EAST LAKE — Carlos Oscar Johnson worked part time as a certified nursing assistant. In 2010, he earned $14,000 at Sabal Palms Health Care Center in Largo, picking up spare shifts.
The government says his next line of work paid $1.7 million.
Johnson, 23, was arrested Friday on a federal criminal complaint that alleges he has filed more than 200 fraudulent income tax returns since February, using other people's Social Security numbers.
Most electronic claims went through an IP address assigned to Johnson's rental in the Lansbrook Village area of northeast Pinellas County; others, through wireless service at a Chase Suite Hotel room in Tampa.
He flashed jewelry in photos, booked the luxury Bellagio hotel in Las Vegas and drove a 2009 Cadillac CTS with the vanity plate "CLSY LOS" (classy Carlos).
He appears to have spent money on others; though, on Facebook, he once noted that no one thanked him anymore.
On Friday, his younger brother, upon hearing of the arrest, expressed shock and anger.
"My brother gave me this entire outfit," said Jerrod Bowden, 19, gesturing to his brown-striped T-shirt and dark jeans. "My brother gives me everything. My brother should not deserve to go to jail for being nice."
Authorities watched Johnson for more than a year.
The investigation began July 31, 2011, when Clearwater police stopped him over a parking violation and discovered five prepaid debit cards in other people's names, each loaded with about $9,650, the complaint states.
His explanation at the time: He found the wallet at Publix.
Police then partnered with IRS-Criminal Investigations.
The complaint does not address whether Sabal Palms patient identities were used. Often, in such cases, victims never learn where private information was stolen.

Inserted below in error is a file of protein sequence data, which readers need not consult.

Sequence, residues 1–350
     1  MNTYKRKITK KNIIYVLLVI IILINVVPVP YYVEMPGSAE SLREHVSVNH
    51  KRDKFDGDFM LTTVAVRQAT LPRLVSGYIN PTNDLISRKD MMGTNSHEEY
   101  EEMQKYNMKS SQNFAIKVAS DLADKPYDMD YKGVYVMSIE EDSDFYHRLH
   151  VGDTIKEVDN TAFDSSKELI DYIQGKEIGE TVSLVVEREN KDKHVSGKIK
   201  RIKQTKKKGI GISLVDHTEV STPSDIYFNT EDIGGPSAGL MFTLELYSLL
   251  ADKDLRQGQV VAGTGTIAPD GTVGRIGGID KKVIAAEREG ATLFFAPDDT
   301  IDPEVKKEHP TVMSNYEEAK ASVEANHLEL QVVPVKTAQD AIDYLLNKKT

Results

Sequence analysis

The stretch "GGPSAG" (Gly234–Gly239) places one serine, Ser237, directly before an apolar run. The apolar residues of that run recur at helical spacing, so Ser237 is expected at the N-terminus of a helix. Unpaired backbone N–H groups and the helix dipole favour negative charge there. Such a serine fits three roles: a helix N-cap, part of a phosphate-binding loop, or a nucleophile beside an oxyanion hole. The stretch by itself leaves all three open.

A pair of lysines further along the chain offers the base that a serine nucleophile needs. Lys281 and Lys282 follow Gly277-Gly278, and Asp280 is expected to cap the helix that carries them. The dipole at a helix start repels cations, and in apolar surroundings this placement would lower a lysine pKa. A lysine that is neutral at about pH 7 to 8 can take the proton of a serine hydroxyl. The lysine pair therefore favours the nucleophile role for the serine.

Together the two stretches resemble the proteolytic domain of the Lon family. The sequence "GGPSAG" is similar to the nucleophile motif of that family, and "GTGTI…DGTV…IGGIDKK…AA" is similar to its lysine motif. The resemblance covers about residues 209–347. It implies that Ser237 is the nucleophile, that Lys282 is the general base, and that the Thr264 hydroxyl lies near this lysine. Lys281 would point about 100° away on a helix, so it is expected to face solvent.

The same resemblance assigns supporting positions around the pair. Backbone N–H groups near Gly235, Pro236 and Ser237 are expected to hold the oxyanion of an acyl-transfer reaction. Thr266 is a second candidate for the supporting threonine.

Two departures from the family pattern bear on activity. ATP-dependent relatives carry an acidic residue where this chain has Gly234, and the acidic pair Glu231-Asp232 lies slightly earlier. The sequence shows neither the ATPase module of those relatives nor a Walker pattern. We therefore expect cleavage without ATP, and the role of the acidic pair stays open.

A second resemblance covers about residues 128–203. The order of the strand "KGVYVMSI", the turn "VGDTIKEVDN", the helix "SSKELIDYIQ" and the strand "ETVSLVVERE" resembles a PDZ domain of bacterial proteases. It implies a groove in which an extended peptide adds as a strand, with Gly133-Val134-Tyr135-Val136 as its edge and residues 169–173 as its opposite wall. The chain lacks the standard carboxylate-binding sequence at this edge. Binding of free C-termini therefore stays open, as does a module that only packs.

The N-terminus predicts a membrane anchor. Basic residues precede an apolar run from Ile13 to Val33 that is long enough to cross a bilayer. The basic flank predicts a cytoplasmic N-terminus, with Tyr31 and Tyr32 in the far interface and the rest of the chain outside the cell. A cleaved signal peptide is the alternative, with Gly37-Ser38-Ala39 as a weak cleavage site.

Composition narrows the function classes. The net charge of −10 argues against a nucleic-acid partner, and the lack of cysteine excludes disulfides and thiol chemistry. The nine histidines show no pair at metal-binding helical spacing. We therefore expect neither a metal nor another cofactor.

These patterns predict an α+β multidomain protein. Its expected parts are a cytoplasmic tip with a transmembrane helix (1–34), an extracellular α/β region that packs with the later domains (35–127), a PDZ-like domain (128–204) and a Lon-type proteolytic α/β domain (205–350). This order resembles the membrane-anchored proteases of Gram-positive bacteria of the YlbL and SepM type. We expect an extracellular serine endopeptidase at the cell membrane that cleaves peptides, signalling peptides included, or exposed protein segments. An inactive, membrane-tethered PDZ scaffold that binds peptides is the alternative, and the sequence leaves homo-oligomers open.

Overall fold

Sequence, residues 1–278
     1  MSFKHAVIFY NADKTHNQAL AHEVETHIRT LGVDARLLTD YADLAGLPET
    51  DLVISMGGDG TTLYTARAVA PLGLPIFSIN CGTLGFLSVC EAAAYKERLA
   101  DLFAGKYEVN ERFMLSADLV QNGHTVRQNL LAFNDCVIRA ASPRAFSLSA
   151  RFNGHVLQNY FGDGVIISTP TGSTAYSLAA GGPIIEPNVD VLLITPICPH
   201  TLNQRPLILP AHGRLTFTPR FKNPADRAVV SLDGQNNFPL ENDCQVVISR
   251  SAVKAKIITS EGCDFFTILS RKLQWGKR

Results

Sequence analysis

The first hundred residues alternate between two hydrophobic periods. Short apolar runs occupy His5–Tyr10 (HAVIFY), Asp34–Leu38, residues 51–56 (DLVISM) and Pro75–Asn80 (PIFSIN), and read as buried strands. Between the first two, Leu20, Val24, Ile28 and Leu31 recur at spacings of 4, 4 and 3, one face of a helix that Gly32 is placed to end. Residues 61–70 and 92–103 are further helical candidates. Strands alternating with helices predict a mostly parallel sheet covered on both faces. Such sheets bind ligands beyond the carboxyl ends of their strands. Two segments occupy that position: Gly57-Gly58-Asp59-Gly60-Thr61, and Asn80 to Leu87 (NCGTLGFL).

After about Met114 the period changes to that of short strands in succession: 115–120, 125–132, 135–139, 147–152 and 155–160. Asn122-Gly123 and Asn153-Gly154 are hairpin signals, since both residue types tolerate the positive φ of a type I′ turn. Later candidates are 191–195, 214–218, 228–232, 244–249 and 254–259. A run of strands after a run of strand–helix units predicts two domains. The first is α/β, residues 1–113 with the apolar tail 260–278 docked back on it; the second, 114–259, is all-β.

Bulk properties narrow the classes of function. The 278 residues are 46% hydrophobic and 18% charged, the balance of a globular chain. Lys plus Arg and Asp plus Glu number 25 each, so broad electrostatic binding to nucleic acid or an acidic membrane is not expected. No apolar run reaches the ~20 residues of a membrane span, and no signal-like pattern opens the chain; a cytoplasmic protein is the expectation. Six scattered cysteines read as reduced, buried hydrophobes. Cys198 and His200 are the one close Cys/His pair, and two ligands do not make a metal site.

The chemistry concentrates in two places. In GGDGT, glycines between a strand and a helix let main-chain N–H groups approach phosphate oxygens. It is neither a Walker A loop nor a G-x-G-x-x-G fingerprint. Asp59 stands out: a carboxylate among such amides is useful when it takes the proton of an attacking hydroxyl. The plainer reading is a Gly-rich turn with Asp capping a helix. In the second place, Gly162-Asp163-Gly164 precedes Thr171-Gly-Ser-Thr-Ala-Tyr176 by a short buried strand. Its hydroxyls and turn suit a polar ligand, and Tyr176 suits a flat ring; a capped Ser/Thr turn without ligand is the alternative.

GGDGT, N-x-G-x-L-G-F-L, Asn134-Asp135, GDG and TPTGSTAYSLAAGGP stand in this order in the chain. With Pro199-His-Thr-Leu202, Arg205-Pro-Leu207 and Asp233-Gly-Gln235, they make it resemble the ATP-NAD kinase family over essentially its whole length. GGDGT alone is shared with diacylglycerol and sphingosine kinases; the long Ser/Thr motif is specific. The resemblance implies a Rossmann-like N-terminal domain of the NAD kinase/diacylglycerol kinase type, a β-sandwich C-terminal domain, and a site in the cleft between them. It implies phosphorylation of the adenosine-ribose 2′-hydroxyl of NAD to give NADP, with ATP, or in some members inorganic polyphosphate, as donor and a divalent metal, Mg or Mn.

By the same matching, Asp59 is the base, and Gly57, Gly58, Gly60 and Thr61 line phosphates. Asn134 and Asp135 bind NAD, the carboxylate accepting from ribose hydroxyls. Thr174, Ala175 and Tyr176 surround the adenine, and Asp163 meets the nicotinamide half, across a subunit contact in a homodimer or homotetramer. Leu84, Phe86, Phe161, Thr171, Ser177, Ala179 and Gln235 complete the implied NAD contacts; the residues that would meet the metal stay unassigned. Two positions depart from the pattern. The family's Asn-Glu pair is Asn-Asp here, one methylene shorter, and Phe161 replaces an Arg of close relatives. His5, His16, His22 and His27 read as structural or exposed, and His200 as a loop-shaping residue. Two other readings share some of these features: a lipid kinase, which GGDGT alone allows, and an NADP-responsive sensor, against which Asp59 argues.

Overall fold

Several victims are mentioned but only by initials: M.W., L.W., E.T., J.J., J.D., C.C., B.D. and K.R.
Johnson worked from March 2008 to February 2011 at the 244-bed skilled nursing facility, part of a 96-acre campus that includes assisted and independent living.
Mark L. Moyer, the community's executive director, said Sabal Palms performs pre-employment criminal background checks and would cooperate with authorities in any investigation.
Johnson's record check would have shown simply that he pleaded no contest to a 2007 worthless check charge. The judge withheld adjudication.
A month after Johnson left Sabal Palms, he incorporated as Carlos Private Duty Home Care. Later that year, he set up Too Classy Entertainment Inc.
On Friday morning, investigators searched Johnson's residence on Manchester Court.
They towed away the Cadillac and carried out three large flat-screen televisions.
Neighbors said they didn't know Johnson. They exchanged greetings in passing. But they noticed he drove a different car every few months.
Friend Mike Towns, 22, said he grew up with Johnson, both attending New Zion Missionary Baptist Church in Clearwater.
"Really good dude," said Towns, who has a tattoo on his arm of Uncle Sam with the words "TAX FREE Money," a relic, he said, of drug-dealing days.
Seeing Johnson set up his business, Towns asked for help registering his own company, 100 Band Entertainment. Johnson did it while Towns was in jail and listed himself as treasurer.
When Towns wore an ankle monitor on probation, Johnson put him down as an employee of Too Classy Entertainment so Towns could say he had a job.
Still, Towns said he didn't know Johnson well. "You know how some people stay to themselves?" he said. "That was him."
Johnson appeared in federal court in Tampa on Friday afternoon before Magistrate Judge Elizabeth A. Jenkins.
Bail was set at $50,000.
An earlier version of this story included outdated information about Johnson's academic status. He was last enrolled at St. Petersburg College during the 2009-2010 school year.
News researchers Caryn Baird and John Martin and photographer Will Vragovic contributed to this report. Patty Ryan can be reached at firstname.lastname@example.org or (813) 226-3382.